“I told Mr. Hoover we would go forward with this program,” Nixon remembered. “I called Dr. Kissinger in and indicated to him that he should take the responsibility of checking his own staff.”
Kissinger complied. “Here he was in this room with J. Edgar Hoover, John Mitchell, Richard Nixon,” said Kissinger’s aide, Peter Rodman. “They’re saying: ‘Let’s do some taps.’ And J. Edgar Hoover and John Mitchell say: ‘Yeah, we can do that. Bobby Kennedy did this all the time.’ ”
The Kissinger wiretaps were on. “Dr. Kissinger said he appreciated this very much,” Hoover wrote, “and he hoped I would follow it up as far as we can take it and they will destroy whoever did this if we can find him, no matter where he is.”
On May 28, 1969, at 3 p.m., Nixon took a seat beside Hoover in the ceremonial East Room of the White House. Together they presided over the graduation of the 83rd session of the FBI National Academy, a training course for American law enforcement commanders and foreign police chiefs. Minutes before, in the Oval Office, Hoover had personally delivered a set of the Kissinger wiretap summaries to the president. In the East Room, Hoover gave Nixon a gold badge, making him an
honorary member of the FBI, and Nixon spoke about the rule of law.
“Our problem,” the president said, “is to see to it that, all over America, our laws—the written laws— deserve respect of all Americans, and that those who carry out the law—who have that hard, difficult, grueling, sometimes dangerous task of enforcing the law—that they carry out their responsibilities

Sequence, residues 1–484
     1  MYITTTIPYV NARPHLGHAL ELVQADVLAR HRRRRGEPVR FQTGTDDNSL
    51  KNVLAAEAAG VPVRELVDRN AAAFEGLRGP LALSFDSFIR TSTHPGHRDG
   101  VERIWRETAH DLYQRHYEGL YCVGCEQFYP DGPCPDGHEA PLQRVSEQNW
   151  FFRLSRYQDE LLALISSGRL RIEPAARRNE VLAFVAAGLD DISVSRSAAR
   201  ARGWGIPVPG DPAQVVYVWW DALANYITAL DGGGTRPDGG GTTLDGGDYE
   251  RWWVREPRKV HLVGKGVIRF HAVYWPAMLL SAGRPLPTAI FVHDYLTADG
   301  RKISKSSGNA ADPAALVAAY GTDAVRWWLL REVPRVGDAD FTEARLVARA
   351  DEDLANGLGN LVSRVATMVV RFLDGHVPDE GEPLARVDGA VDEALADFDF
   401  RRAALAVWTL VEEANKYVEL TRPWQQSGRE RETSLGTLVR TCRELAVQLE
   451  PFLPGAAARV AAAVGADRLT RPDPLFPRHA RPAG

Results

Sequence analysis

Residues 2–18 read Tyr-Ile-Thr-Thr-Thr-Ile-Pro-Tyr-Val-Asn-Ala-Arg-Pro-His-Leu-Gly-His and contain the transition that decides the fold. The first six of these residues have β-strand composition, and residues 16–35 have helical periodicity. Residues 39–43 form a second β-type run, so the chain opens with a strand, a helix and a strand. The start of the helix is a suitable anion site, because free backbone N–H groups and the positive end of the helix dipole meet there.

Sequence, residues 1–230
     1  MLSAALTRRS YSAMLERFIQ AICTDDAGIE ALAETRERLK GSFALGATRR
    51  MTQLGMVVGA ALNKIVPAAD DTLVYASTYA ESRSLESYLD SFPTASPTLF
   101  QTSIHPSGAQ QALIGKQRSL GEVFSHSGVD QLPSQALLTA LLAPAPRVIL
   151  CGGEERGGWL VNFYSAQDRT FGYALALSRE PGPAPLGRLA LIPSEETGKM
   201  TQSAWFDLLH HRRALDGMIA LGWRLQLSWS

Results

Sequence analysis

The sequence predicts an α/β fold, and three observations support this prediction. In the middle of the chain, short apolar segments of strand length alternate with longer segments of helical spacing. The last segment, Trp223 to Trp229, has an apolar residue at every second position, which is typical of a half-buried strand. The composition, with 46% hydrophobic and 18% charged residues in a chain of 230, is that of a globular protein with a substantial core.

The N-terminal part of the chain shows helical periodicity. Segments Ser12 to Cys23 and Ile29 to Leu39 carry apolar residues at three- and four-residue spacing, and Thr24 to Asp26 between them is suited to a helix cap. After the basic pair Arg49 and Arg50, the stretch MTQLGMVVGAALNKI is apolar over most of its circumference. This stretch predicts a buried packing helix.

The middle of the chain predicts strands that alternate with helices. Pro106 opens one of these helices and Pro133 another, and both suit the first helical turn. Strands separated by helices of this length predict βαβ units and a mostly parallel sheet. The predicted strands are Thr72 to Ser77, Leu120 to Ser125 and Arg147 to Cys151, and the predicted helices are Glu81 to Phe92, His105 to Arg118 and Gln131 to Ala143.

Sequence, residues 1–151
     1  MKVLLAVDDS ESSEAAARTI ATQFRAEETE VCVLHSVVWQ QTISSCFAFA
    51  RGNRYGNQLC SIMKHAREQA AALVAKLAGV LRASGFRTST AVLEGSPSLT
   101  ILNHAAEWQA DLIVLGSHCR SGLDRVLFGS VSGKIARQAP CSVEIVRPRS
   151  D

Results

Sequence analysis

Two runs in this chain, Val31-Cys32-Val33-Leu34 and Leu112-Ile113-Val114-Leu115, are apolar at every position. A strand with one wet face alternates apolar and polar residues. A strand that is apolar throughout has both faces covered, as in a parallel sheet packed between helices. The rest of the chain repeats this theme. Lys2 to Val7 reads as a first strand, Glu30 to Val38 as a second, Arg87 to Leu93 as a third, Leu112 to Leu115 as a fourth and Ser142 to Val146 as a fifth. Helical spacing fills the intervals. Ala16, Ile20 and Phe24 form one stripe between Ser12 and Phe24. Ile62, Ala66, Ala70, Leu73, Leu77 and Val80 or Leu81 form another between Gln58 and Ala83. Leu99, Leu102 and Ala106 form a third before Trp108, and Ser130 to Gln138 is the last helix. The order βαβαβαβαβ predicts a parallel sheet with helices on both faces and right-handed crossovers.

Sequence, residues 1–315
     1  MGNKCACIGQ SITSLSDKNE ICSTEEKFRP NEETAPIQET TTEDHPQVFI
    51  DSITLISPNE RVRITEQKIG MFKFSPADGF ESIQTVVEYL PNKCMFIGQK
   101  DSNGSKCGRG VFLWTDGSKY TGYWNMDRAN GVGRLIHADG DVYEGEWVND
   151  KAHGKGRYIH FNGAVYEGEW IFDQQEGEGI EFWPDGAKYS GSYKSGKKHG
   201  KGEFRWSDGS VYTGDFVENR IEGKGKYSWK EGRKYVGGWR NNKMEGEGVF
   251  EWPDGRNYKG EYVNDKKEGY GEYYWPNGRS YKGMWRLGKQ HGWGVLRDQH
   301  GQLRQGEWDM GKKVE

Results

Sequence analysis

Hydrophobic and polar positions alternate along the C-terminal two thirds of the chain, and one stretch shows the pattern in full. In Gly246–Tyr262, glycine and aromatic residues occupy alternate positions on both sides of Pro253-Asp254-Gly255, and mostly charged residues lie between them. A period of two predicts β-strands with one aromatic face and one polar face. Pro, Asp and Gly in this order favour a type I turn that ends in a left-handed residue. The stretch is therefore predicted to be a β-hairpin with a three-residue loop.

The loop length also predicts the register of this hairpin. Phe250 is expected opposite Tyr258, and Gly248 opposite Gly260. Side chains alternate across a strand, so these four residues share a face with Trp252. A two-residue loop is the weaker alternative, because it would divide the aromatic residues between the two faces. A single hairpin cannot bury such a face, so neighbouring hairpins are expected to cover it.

in a way that deserves respect.”
That same afternoon, in Chicago, a young FBI agent named Bill Dyson was about to be initiated into the rules of a lawless world. He remembered the day with clarity. It was the start of a new life.
Dyson was 28-years-old, on his first tour of duty, barely two years after joining the FBI. His boss told him he was going to be working on a wiretap. He was not exactly sure what a wiretap was, or how they worked, or what laws regulated them. But he followed his supervisor down into a windowless room in the bowels of the Bureau’s office. His superiors sat him down and said: “Here’s your machine.”
They put him on the four-to-midnight shift listening to members of the Students for a Democratic Society.
The SDS formally convened in Chicago three weeks later. One faction declared it would begin an armed struggle against the government of the United States. Over the summer, and into the fall, Dyson listened as the members of the group argued, debated, and plotted. He was witnessing the violent birth of a terrorist gang.
“I watched them become the Weathermen! I was with them when they became the Weathermen!” he said. “It was exciting. I was watching history.”
About 50 years before, in Chicago, in September 1919, J. Edgar Hoover’s agents had spied on the birth of the Communist Party of the United States. Dyson was following in their tradition.
The Weathermen saw themselves as revolutionaries who could overthrow America, a vision fueled in part by doses of LSD. They called themselves Communists, but their tactics were closer to those of the Italian anarchists who had bombed Washington and Wall Street in the days after World War I.
Their leaders were white, good-looking, well-educated; some came from wealthy families. They tried to form armed alliances with the Black Panthers. They traveled to Cuba and met with representatives of the government of North Vietnam. They drilled discipline into one another with a grinding groupthink that Chairman Mao might have admired. They fought one another and slept with one another. And Dyson listened.
“I knew more about these people than they knew about themselves. If you work a wiretap, a good wiretap, you will become that way,” he said. “I lived with these people sometimes twenty- four hours a day, seven days a week.”
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